Pursuant to the National Wildlife Refuge System Improvement Act of 1997, the U.S. Fish and Wildlife Service (Service) has published a Draft Comprehensive Conservation Plan and Environmental Assessment for the Rhode Island National Wildlife Refuge Complex. This plan describes how the Service intends to manage the five refuges in Rhode Island during the next 15 years. These refuges include: Block Island NWR, Ninigret NWR, John H. Chafee NWR, Sachuest Point NWR, and Trustom Pond NWR.
Formal public hearings will be held beginning at 7:00 p.m. on February 6 in Middletown, RI; February 7 in South Kingstown, RI; and, February 8 on Block Island. The hearings will provide an opportunity for all interested parties to formally present oral or written testimony on the draft document before a hearing officer and court reporter. Those wishing to do so will be able to sign up to speak when they enter the hearing room. The formal public hearings will be held at:
February 6: Middletown High School Cafeteria, 130 Valley Road, Middletown, RI 02879
February 7: South Kingstown High School Cafeteria, 215 Columbia Street, Wakefield, RI 02879
February 8: Block Island School Library, High Street, New Shoreham, RI 02807
Prior to each formal hearing, from 6:00 to 7:00 p.m., the Service will host an Open House to provide an opportunity for public comment on a separate Environmental Assessment for the proposed Rhode Island Refuge Visitor Center and Administrative Offices which is being released concurrently with the draft Comprehensive Conservation Plan.
All other comments should be sent by either traditional or electronic mail, no later than March 2, 2001, to: The Rhode Island Refuges CCP Planning Team, U.S. Fish and Wildlife Service, 300 Westgate Center Drive, Hadley, MA 01035-9589, or FW5RW_CCP@fws.gov.
Additional information or copies of an executive summary of the plan or the complete document may be obtained by contacting Gary Andres, Start Printed Page 2925Rhode Island National Wildlife Refuge Complex, Shoreline Plaza Route 1A, P.O. Box 307, Charlestown, Rhode Island 02813, telephone 401-364-9124.End Preamble Start Supplemental Information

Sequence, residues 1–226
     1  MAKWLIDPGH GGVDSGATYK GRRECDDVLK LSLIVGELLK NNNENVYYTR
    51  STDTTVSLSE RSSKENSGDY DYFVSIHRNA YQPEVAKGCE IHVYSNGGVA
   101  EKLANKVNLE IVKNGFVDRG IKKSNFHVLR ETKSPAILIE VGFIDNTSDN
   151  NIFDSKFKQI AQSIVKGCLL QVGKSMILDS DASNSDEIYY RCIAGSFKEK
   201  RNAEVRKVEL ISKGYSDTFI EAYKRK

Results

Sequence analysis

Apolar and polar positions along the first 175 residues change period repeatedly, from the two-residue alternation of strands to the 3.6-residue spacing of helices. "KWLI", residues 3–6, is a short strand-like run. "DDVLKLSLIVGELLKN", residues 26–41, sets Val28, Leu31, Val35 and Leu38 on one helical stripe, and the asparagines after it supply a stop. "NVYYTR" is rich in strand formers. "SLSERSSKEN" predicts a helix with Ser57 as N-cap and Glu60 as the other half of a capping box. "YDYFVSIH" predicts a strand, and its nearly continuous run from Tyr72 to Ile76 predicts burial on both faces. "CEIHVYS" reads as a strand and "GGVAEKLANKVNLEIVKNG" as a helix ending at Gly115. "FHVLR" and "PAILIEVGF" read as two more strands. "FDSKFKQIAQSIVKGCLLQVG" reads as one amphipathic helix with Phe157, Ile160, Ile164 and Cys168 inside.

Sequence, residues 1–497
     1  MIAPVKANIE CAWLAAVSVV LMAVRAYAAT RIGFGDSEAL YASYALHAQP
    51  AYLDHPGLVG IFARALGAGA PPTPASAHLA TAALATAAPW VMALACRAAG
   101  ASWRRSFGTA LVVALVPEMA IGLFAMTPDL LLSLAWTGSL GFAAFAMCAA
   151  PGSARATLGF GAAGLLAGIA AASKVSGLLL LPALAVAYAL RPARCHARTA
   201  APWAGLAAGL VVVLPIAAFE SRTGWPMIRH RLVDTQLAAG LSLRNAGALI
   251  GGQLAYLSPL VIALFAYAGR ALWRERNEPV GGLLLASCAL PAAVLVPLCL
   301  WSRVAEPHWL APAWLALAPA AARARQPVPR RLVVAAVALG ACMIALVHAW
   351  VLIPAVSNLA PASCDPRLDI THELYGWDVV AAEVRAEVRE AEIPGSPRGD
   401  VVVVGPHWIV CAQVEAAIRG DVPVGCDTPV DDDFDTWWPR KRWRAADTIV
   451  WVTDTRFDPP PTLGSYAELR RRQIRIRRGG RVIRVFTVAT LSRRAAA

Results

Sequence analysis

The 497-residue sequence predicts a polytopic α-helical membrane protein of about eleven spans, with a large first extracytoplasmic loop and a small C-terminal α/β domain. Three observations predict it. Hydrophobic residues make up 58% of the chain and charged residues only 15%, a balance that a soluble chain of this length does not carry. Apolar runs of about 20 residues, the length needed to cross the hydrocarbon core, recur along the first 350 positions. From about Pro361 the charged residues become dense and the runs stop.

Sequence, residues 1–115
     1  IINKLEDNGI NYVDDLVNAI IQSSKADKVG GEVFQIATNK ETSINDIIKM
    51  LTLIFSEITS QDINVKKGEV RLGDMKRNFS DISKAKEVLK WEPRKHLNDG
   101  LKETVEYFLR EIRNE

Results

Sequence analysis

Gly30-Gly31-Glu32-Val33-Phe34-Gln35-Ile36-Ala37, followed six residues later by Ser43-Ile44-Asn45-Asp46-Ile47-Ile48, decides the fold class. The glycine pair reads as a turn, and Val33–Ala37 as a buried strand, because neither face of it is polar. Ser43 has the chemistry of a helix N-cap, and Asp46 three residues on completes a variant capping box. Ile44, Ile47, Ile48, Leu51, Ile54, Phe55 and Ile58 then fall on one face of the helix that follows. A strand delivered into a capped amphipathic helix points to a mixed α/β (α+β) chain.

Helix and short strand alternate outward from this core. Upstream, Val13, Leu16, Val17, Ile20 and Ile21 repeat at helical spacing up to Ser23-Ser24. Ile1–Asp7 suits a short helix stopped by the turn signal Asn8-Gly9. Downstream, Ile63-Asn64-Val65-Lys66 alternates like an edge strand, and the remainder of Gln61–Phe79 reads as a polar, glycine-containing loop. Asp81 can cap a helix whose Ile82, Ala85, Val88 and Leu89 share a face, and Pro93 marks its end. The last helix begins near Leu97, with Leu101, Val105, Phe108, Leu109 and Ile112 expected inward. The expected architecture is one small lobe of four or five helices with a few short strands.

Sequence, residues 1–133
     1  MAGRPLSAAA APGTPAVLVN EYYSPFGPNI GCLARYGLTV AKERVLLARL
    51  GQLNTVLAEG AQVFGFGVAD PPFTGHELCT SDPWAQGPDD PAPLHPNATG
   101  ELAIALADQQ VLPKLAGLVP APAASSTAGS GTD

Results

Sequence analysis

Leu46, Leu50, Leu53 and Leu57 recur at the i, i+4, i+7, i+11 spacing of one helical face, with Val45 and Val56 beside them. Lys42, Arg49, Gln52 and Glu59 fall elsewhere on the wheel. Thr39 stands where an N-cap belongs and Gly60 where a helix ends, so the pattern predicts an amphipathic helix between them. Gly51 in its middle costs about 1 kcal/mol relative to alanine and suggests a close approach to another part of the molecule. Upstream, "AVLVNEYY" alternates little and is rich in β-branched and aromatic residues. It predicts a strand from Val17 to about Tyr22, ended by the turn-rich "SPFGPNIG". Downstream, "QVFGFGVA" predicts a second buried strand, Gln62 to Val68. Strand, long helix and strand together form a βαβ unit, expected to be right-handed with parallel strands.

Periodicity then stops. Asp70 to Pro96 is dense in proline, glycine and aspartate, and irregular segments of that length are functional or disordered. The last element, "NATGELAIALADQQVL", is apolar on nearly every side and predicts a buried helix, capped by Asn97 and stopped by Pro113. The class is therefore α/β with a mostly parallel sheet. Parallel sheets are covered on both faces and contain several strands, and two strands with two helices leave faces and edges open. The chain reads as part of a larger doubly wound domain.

The draft Comprehensive Conservation Plan and Environmental Assessment fully describes, evaluates, and compares four alternatives for managing the natural resources and public use opportunities on the Rhode Island National Wildlife Refuge Complex. One of the alternatives represents the Service's Proposed Action. The four alternatives are:
This is the No Action Alternative required by the Council of Environmental Quality's regulations on the implementation of the National Environmental Policy Act (NEPA). Selection of this alternative would not change our current management programs on any of the five refuges. Our land acquisition program would continue to be focused on the 735 acres remaining within the currently approved acquisition boundaries. We would continue to emphasize management for the federally threatened piping plover and restoration of early-successional coastal sandplain habitats and wetlands. Public use opportunities would not change appreciably.
Alternative B is the Service's Proposed Action; that is, the alternative currently recommended for approval. Selection of this alternative would expand all Refuge boundaries, increasing our current land acquisition goal by 3,200 acres. Alternative B would increase protection and management for endangered, threatened, and other species of concern, increase restoration of early-successional native habitats and wetlands, and increase biological inventories and monitoring. Opportunities would increase for all six priority public uses, which include hunting, fishing, wildlife observation and photography, environmental education and interpretation. Compatibility determinations for the proposed priority public use activities are included as an appendix to the document. These compatibility determinations establish which public uses support the achievement of refuge purposes or the National Wildlife Refuge System mission and would be allowed on refuge land.
This alternative would also increase protection, management, restoration, monitoring and inventories of species and habitats similar to Alternative B. However, selection of this alternative would increase our current land acquisition goal by 11,500 acres. Refuge staff would take the lead in accomplishing interagency, watershed-based planning initiatives, respective recovery team tasks, and ecosystem team priorities. This alternative would eliminate existing incompatible, non-wildlife dependent uses by 2002, three years sooner than the other alternatives. Environmental education would be emphasized over other priority public uses on each refuge.
This alternative would maintain current biological resource program priorities, which include protecting piping plover, and managing early-successional native habitats and wetlands. Selection of this alternative would pursue the current land acquisition goal of 735 acres, similar to Alternative A. This alternative is distinguished from the others by the amount of resources directed towards expanding all priority public use opportunities on each refuge.Start Signature
Dated: January 8, 2001.
Dr. Mamie A. Parker,
Acting Regional Director, U.S. Fish and Wildlife Service, Hadley, Massachusetts.
[FR Doc. 01-1021 Filed 1-11-01; 8:45 am]
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